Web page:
Saturday, 3 December 2011

NEAC Exhibition

Yesterday I went to the NEAC (New English Art Club) Annual Exhibition at The Mall Galleries in deepest London, for a look at the opposition.  I met Karl Terry (hi Karl, hope lunch was good!) also having a look at the show.

It's a fine show and well worth a look, from the atmospheric impressionistic oils of Diana Armfield, loose oils of Francis Bowyer, Bernard Dunstan, Luke Martineau and Richard Pikesley, the quirky oils of Alan Kingsbury, the colourful landscapes of Andrew Macara and interiors of Susan Ryder, the delicate watercolours of Charlotte Halliday, the sublime oil cityscapes and studio interior of Ken Howard and the utterly brilliant, realistic yet painterly plein air street scenes of Pete Brown.

There were a few paintings that seemed to me to be classic cases of the Emperor's New Clothes, and I shall forever fail to see what others (think they) see, but maybe I'm missing something.....but I don't think so.

If you find yourself anywhere near, pop in and give yourself a treat, and don't whatever you do, miss Pete Brown's paintings - they alone are worth seeing and I can't imagine anyone would not like them.  Many find mine too 'tight', as do I, but Pete's seem to be all things to punters and painters alike - he's damned annoying!  All five of his paintings have sold, not surprisingly, and that's a mark of the man's talent and stature.

Talking of art selling, I can't pass commenting on young Kieron Williamson's latest sell-out exhibition (in just 10 minutes) of 12 paintings, for, wait for it.....pointless drum beat to waste a few seconds, a la strictly or X-Factor.....£106,260, averaging nearly £9,000 a age 9.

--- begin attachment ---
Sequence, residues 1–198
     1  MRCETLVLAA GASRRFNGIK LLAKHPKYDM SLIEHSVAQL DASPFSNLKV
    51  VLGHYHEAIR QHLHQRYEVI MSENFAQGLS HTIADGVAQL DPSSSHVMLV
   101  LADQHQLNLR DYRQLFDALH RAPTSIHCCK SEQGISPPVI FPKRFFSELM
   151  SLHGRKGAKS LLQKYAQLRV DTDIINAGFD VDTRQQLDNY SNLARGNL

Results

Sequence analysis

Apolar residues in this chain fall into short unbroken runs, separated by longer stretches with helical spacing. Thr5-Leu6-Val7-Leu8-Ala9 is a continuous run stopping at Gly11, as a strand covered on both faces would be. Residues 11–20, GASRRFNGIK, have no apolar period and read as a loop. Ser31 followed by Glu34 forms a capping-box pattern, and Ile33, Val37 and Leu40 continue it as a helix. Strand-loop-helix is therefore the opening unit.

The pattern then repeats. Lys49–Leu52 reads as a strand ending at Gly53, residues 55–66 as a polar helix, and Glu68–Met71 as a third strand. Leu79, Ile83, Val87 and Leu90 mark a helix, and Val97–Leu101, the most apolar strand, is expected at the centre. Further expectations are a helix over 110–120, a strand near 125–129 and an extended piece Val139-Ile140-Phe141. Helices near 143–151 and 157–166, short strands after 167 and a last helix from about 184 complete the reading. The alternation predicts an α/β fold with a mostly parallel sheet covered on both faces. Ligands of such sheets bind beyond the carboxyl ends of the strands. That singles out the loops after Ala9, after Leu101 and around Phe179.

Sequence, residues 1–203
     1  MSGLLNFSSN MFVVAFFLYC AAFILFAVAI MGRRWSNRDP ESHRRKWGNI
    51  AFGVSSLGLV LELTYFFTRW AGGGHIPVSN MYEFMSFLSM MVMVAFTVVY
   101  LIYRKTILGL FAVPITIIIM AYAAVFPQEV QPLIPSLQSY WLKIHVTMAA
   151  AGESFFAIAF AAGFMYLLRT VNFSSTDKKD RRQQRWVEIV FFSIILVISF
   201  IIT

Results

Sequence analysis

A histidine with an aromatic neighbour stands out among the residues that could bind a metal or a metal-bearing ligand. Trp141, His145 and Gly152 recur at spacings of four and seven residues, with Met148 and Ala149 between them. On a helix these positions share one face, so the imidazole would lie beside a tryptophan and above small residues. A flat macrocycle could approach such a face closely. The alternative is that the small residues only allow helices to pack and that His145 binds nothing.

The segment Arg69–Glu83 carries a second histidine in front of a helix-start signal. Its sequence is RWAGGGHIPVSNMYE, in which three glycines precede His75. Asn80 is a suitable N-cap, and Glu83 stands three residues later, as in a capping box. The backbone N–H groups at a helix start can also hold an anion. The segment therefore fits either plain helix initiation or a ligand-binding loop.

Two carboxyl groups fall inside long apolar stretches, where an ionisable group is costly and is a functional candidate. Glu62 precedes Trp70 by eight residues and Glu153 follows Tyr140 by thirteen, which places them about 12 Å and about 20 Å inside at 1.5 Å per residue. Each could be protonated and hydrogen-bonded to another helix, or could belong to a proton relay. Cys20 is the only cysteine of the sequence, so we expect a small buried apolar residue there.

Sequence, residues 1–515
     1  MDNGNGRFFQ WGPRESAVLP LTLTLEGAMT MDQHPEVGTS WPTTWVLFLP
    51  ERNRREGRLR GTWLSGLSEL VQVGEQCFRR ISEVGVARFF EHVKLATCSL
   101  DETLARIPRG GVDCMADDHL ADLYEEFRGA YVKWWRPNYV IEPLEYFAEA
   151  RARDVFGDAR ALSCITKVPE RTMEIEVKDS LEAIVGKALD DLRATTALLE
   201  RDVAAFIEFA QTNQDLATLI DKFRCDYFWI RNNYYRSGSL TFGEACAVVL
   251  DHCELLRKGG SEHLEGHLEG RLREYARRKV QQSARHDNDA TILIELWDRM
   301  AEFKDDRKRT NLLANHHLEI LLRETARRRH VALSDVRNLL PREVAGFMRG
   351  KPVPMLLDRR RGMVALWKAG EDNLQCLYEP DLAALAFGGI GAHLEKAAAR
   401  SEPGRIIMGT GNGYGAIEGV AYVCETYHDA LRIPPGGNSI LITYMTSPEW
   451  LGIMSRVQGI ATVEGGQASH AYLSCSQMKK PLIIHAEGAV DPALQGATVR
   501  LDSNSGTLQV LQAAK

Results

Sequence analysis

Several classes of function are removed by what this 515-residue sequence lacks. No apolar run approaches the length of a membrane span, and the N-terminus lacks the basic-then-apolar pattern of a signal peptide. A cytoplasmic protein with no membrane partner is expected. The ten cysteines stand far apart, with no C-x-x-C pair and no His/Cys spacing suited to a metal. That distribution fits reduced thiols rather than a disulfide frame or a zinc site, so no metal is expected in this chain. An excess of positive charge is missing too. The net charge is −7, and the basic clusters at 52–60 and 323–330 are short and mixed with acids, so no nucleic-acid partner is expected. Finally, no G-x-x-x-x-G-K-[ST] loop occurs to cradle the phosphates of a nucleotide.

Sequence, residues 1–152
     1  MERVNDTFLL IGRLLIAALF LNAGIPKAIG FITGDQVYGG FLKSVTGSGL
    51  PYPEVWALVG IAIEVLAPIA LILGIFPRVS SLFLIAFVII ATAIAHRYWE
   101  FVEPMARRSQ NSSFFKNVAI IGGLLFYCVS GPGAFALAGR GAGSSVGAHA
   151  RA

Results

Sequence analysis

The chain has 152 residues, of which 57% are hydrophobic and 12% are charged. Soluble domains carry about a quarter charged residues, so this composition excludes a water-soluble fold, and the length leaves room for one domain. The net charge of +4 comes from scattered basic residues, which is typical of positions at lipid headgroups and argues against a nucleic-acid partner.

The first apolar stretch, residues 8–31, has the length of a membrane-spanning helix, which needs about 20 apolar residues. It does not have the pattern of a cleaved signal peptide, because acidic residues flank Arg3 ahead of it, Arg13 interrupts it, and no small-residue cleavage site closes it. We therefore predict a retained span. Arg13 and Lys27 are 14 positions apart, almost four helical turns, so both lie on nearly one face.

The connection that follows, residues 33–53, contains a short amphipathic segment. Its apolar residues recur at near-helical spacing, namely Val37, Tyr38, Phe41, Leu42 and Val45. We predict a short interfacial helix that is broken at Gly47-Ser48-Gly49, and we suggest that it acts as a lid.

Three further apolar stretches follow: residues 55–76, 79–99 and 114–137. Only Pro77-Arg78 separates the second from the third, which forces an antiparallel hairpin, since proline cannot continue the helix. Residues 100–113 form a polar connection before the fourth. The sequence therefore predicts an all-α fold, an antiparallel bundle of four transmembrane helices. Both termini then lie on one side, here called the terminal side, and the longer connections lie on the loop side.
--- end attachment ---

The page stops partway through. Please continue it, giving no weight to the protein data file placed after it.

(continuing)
Now, this is going to sound like sour grapes, but can it be right that, entirely because of hype/hysteria, a 9 year old with a modicum of talent is selling at the same prices or more, as Ken Howard, David Curtis or Pete Brown, at the pinnacle of their careers with a whole apprenticeship and a lifetime's (in Ken's case at least) damned hard work behind them?   If young Kieron, a lovely little chap, were my age, or say in his twenties, he wouldn't even get a foot in a Gallery door, let alone sell anything, but because he has been hyped up and all the network television companies have had him on as a novelty because of his age, his promoters can ask almost whatever price they like and there are still enough people with a lot more money than sense, willing to buy them regardless of the artistic merit.  Perhaps they are making a wise investment and young Kieron's paintings will go up and up in value, but to me and all the professional painters I know, it is, sadly, representative of some of the ridiculous capriciousness of our profession.
Hopefully, he will stay a nice young lad, but there must be a danger that he will believe the hype that is whipped up about him, and because EVERYTHING he paints is sold, guaranteed, at least for long enough for him and his parents to become rather wealthy, he will think he is the genius that the unknowledgeable say he is.  He is undoubtedly very good for his age, but no better than any other professional artist I know who started painting as early as him, myself included, not wishing to blow my own trumpet, but true. But then, we know much of the art world is mad, don't we?

No comments:

Post a Comment

Please leave a comment !